News Release

COVID-19 survey of children: Lockdowns are socially and emotionally challenging, but children are resilient

Children in Aotearoa New Zealand have displayed strength in the face of adversity according to the world’s largest survey looking at the impact of Covid-19 restrictions on children’s health, wellbeing and education.

Reports and Proceedings

University of Auckland

Professor Boyd Swinburn

image: Professor Swinburn says with nearly 2500 children participating, the survey is one of the largest globally to look at the impact of pandemic restrictions on children. view more 

Credit: University of Auckland

Children in Aotearoa New Zealand have displayed strength in the face of adversity according to the world’s largest survey looking at the impact of Covid-19 restrictions on children’s health, wellbeing and education. The survey, conducted by this country’s largest longitudinal study Growing Up in New Zealand, was carried out during Covid-19 restrictions in May 2020, in conjunction with the Ministry of Social Development and the Ministry of Education.

Growing Up in New Zealand research director, University of Auckland Professor Boyd Swinburn says nearly 2,500 10 and 11-year-old children participated in the survey which makes this one of the largest studies globally to look at the impact of Covid-19 lockdown restrictions on children. “What came through loud and clear was the remarkable resilience and adaptability of New Zealand children to adjust to the restricted lifestyle, social isolation and uncertainty that Covid-19 restrictions imposed on them in 2020.

“However, it is clear that lockdowns are socially and emotionally challenging for some children and there is more that can be done to support them to weather the storm of any future restrictions.  In particular, there should be a focus on better access to virtual mental health support and equitable access to devices for online learning,” he says.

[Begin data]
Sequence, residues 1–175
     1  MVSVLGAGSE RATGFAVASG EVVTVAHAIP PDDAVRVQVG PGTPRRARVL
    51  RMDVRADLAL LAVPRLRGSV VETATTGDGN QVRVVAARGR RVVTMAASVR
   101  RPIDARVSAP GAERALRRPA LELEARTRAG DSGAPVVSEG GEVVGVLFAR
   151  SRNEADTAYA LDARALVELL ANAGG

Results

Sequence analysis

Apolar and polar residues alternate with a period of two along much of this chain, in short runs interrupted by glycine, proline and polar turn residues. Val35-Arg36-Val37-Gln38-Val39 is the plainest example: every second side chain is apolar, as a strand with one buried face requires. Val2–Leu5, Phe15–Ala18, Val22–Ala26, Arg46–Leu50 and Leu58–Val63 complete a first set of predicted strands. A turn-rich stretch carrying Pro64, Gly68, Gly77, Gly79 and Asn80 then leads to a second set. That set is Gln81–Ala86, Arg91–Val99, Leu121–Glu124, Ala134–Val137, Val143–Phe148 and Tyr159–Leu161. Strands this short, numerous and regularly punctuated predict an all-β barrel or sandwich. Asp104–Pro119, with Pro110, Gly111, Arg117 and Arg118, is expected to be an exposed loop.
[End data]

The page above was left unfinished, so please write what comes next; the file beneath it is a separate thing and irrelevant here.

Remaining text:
Growing Up in New Zealand today released the two Life During Lockdown reports, one focused on health and wellbeing and the other focused on education.

The reports offer a unique insight into the impact of Covid-19 restrictions on children’s lives because the study could draw on baseline data gathered from children when they were eight years of age.

Growing up in New Zealand education domain leader, University of Auckland Senior Lecturer, Dr Kane Meissel says unsurprisingly lockdown resulted in increased screentime for most children, but two-thirds of children continued to feel connected to their school or kura.

Key findings from the Education Report include:

  • Nearly three-quarters of children reported a decrease in school satisfaction during the Covid-19 restriction compared with school satisfaction scores at eight-years of age.
  • More than two-thirds of children used devices every day for school or homework, with the average time spent in front of screens on weekdays being nearly five hours.
  • YouTube was the most popular app used by children and there was a high use of apps with 13+ restrictions, even though the children were aged 10 and 11.
  • More than 80% of children reported that people in their bubble were involved in their schoolwork several times a week or more.
  • Engagement with a range of activities, both school-related and non-academic, were key to boosting children’s enjoyment of virtual schooling. 
  • Most children stayed in virtual contact with others, with 86% saying they were moderately or more connected to those outside their bubbles.

Dr Meissel says the findings have implications for any future lockdowns and the way in which virtual home learning is delivered.